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The CA used to sign the LDAPS certificate is not necessary to be the one of your Certification Authority, so the safe way to locate the CA is to follow the steps below.

First, you need to find the SSL certificate of the AD server. There are 2 ways:

Using MMC tool:

Expand
titleUsing MMC
  • Open Local Computer Certificate Console on your DC,
  • Locate the LDAPS certificate, which should include the Server Authentication (1.3.6.1.5.5.7.3.1) object identifier.

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Normally it has "DomainController" as its Certificate Template Name.

The Active Directory fully qualified domain name of the domain controller (for example, povm2k3svr.parkoffice.com) must appear in one of the following places:

    • The Common Name (CN) in the Subject field.
    • DNS entry in the Subject Alternative Name extension.

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Using OpenSSL tool

Download openssl and run the following command.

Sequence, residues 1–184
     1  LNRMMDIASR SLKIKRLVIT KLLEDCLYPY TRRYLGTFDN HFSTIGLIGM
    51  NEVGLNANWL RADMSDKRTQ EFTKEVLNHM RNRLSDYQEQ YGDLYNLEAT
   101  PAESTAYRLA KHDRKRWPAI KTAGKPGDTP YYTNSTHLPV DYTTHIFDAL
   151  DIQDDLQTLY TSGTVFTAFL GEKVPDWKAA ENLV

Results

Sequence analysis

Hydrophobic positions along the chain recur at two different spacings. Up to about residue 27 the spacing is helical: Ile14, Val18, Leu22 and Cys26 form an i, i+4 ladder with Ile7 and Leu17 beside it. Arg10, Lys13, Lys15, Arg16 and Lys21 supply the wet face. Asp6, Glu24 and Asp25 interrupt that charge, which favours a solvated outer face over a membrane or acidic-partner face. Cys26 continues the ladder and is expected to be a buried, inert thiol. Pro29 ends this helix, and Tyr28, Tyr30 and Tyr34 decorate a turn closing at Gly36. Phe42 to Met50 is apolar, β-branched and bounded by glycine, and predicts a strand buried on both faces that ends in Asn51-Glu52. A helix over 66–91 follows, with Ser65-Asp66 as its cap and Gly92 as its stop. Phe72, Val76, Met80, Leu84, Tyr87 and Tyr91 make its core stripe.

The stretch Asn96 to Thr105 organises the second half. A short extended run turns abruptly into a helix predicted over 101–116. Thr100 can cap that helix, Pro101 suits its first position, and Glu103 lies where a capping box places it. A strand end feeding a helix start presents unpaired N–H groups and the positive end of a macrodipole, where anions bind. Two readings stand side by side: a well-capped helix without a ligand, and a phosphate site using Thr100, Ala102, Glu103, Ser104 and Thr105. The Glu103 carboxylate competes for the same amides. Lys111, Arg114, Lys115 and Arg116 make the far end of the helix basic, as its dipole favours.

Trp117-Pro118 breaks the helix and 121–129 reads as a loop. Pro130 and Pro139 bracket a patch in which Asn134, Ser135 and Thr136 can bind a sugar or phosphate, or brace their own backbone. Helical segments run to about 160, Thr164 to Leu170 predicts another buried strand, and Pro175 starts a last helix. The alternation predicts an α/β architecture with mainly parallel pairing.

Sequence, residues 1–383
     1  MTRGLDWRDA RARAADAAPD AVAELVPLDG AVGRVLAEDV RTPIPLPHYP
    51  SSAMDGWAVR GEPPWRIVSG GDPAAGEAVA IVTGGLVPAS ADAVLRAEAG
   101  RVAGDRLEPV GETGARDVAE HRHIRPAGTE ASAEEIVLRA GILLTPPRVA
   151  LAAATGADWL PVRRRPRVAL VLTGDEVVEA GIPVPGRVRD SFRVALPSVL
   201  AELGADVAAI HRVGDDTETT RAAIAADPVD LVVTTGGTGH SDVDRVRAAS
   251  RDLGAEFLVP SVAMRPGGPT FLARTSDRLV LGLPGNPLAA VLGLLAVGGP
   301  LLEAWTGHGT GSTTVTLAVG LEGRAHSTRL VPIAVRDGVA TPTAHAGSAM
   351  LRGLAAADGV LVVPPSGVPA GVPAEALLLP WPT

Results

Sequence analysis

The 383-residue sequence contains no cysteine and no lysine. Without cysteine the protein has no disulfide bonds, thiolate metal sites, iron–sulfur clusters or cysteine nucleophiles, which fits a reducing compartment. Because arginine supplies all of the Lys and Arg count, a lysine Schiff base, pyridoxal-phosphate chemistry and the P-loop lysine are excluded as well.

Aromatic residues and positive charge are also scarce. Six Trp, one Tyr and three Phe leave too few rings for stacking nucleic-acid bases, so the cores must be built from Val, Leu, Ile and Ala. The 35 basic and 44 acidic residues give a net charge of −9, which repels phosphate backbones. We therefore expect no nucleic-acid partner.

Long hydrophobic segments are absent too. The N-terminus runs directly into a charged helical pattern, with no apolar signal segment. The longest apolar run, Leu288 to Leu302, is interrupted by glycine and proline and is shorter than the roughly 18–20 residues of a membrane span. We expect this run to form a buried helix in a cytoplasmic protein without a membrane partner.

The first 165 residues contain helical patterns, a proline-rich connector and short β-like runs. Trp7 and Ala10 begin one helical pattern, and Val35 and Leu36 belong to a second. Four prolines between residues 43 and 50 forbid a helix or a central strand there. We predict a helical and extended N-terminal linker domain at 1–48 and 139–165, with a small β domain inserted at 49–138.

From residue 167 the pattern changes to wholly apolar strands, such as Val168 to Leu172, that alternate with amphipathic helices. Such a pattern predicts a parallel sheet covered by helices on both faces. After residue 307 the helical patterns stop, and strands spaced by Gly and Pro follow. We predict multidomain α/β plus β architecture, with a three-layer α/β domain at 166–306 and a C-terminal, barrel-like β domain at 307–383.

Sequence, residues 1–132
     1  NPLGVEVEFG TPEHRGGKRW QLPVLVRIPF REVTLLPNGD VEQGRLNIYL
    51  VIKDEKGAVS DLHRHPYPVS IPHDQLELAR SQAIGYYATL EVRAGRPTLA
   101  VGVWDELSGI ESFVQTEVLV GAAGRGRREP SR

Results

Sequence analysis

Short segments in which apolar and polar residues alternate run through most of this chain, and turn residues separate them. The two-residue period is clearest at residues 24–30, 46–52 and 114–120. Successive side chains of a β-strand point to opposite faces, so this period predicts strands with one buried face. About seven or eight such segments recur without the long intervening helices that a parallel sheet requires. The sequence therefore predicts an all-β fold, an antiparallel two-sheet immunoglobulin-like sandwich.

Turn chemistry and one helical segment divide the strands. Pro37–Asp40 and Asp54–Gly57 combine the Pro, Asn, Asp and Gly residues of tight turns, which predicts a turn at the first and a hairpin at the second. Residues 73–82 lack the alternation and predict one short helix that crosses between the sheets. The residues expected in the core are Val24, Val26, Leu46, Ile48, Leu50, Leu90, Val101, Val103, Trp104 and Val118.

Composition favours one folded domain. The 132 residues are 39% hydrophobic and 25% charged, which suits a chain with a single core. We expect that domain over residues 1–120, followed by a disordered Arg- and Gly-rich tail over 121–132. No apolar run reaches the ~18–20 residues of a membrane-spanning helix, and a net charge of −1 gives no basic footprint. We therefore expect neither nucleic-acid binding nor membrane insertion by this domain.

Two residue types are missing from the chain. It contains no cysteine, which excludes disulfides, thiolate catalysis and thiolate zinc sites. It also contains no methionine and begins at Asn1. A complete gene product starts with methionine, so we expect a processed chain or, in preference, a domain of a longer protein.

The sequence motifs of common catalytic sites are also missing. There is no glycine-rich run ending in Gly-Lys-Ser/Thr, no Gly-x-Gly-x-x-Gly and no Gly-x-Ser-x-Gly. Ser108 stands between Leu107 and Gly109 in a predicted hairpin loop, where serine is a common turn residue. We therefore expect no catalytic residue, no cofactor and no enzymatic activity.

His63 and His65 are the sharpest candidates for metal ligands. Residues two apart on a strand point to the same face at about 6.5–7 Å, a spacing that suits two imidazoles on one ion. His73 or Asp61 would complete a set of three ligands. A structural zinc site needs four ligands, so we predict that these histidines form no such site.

openssl s_client -connect myldapsserver.domain.com:636

Part of the output of this file will be the Base-64 encoded .cer file that was presented for LDAPS. Just cut and paste into notepad beginning at "--Begin Certificate--" through "---End Certificate---" and save as a .cerDouble-click on the certificate file and you will now be viewing the certificate presented for LDAPS.

Once you have found the SSL certificate of the AD server, double click the certificate, go to the tab "Cetification Path"

In our example, the CA to sign the LDAPS certificate is the highlighted one "ca".

To export the CA certificate:

    • Select the CA certificate, click View Certificate.
      The Certificate dialog box appears.

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